Philippines election: Populism, celebrity and ugly realities..Digong wins
As the Philippines prepares for its fifth election since the “People Power” revolution that overthrew dictator Ferdinand Marcos in 1986, the BBC’s South East Asia correspondent Jonathan Head asks whether any candidate can address the country’s true problems.
If you want to understand the dynamics of this election look away from the flutter of posters, from the noisy campaign trucks and their jaunty songs, and from a bewildering selection of smiling candidates contesting thousands of elected posts.
Look instead at the creaking infrastructure of Manila, the visible slums, the denuded mountainsides and scrappy farms.
The Philippines stands out – in a region that was once a byword for crippling poverty – for its failure to match its neighbours’ partial success in reducing inequality.
Official statistics show that poverty has stayed at more or less the same level for the past decade, despite economic growth averaging 6%.
Ask a motor tricycle driver or a day labourer how much the past four elections have changed their lives, and they will nearly all tell you: not one bit. If you look at how they live, you can believe them.
On paper, outgoing President Benigno Aquino has performed well – better, certainly, than his two predecessors.
Foreign direct investment has quadrupled, and the budget deficit has fallen. Spending has increased on infrastructure, schools and rural development. Middle-class Filipinos who have good jobs or businesses feel better off.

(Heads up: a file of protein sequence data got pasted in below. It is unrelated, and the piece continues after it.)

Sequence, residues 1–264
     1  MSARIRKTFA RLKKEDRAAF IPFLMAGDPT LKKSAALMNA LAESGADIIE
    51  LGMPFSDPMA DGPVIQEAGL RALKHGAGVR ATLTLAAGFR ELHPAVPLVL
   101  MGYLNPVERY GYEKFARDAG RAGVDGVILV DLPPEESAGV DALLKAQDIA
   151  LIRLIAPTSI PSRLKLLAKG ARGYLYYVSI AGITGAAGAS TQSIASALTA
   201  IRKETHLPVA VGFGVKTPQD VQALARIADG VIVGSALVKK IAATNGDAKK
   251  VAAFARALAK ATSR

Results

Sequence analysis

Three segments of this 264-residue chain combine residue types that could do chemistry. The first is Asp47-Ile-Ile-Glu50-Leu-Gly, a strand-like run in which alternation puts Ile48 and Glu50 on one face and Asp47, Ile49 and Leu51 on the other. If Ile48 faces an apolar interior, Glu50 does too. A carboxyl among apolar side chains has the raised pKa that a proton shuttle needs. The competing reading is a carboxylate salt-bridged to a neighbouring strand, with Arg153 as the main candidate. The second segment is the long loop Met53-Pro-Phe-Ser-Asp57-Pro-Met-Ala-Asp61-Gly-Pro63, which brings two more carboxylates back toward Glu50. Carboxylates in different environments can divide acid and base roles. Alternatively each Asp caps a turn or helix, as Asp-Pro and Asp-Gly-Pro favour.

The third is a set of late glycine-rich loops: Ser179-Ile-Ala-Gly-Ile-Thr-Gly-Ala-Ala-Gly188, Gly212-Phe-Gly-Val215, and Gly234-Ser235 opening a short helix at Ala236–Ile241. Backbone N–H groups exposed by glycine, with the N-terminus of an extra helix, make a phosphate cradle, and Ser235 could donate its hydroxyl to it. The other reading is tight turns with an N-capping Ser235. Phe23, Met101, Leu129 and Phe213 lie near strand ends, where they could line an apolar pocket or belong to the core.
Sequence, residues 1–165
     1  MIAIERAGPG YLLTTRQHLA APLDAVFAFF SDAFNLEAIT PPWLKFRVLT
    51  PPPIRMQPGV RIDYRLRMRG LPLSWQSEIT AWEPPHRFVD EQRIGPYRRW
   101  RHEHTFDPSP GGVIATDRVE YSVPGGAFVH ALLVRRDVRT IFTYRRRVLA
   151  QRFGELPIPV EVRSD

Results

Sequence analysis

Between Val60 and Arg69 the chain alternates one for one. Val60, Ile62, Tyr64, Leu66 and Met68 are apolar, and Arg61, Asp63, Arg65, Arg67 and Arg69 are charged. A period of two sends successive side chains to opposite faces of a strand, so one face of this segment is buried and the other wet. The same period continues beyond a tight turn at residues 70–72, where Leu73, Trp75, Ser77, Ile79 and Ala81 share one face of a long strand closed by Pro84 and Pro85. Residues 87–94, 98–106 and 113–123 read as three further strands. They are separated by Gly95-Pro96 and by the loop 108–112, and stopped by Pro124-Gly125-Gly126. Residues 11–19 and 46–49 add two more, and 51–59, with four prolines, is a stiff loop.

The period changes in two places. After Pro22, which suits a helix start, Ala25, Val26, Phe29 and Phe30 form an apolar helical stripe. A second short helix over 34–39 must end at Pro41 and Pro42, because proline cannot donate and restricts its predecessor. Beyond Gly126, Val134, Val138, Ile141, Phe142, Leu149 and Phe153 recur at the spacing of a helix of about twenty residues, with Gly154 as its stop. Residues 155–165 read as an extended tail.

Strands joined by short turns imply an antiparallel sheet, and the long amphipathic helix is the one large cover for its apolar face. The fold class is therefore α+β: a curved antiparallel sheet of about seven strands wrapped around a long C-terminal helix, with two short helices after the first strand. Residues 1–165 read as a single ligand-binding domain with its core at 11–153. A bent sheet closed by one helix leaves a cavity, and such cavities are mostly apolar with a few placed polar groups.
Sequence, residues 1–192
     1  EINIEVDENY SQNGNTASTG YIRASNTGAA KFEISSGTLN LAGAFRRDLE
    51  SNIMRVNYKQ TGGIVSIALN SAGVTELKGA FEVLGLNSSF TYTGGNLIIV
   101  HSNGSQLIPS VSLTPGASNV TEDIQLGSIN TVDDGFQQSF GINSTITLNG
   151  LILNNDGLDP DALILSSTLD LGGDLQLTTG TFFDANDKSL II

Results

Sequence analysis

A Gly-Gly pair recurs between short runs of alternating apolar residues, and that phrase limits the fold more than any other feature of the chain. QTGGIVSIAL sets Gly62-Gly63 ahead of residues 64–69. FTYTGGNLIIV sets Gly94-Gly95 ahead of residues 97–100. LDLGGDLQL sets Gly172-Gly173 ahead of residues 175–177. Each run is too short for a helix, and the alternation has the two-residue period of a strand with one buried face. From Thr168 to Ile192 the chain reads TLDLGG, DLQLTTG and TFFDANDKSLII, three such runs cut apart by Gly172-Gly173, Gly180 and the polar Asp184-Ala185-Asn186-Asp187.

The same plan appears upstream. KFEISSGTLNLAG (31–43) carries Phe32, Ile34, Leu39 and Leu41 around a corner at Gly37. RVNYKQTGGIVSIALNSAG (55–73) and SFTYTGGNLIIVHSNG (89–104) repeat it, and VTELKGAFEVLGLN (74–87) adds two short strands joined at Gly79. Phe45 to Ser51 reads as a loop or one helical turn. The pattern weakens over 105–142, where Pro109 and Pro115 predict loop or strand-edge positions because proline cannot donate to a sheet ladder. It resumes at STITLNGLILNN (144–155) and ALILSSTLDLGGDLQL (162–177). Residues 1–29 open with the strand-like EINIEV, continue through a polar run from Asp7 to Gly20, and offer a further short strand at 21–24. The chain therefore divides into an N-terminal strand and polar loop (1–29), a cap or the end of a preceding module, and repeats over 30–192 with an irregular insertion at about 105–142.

Hardline anti-crime candidate Rodrigo “Digong” Duterte has claimed victory in the Philippine presidential election.
The official PPCRV poll monitor said the mayor of the southern city of Davao had more than 14.8m votes – about 39% – with 90% of ballots counted.
Manuel Roxas is in second place with 9m (23%). The winner is decided on a simple majority of votes cast.
Mr Duterte has been the long-time front-runner in a campaign also driven by the economy and corruption.
Duterte was born on March 28, 1945, in Maasin, Leyte, in the Philippine Commonwealth to Cebuano lawyer Vicente G. Duterte and Soledad Roa, a native of Cabadbaran, Agusan, who was a school teacher and a civic leader of Maranaodescent. Duterte’s father Vicente, prior to being provincial governor of (the then-undivided) Davao province, was once a mayor of Danao in Cebu. Rodrigo’s cousin Ronald, on the other hand, served as Cebu City mayor from 1983 to 1986. Ronald’s father, Ramon Duterte, also held the position from 1957 to 1959. The Dutertes consider the political families of the Durano and the Almendras clan as relatives. Duterte also has relatives from the Roa clan in Leyte through his mother’s side. Before they resettled to Davao, Duterte’s family lived in his birthplace in Maasin, Leyte, and in his father’s hometown in Danao, Cebu, until he was five years old.
sounds like an asshole..hes from a “special” family though..
“Duterte, who has been dubbed “The Punisher” by Time magazine, has been criticized by human rights groups and by Amnesty International for tolerating extrajudicial killings of alleged criminals allegedly by the vigilante Davao death squads. Duterte has been heavily criticised by numerous organizations for condoning and even inciting murders to take place during his leadership.”
he should be ostracised by global powers then eh?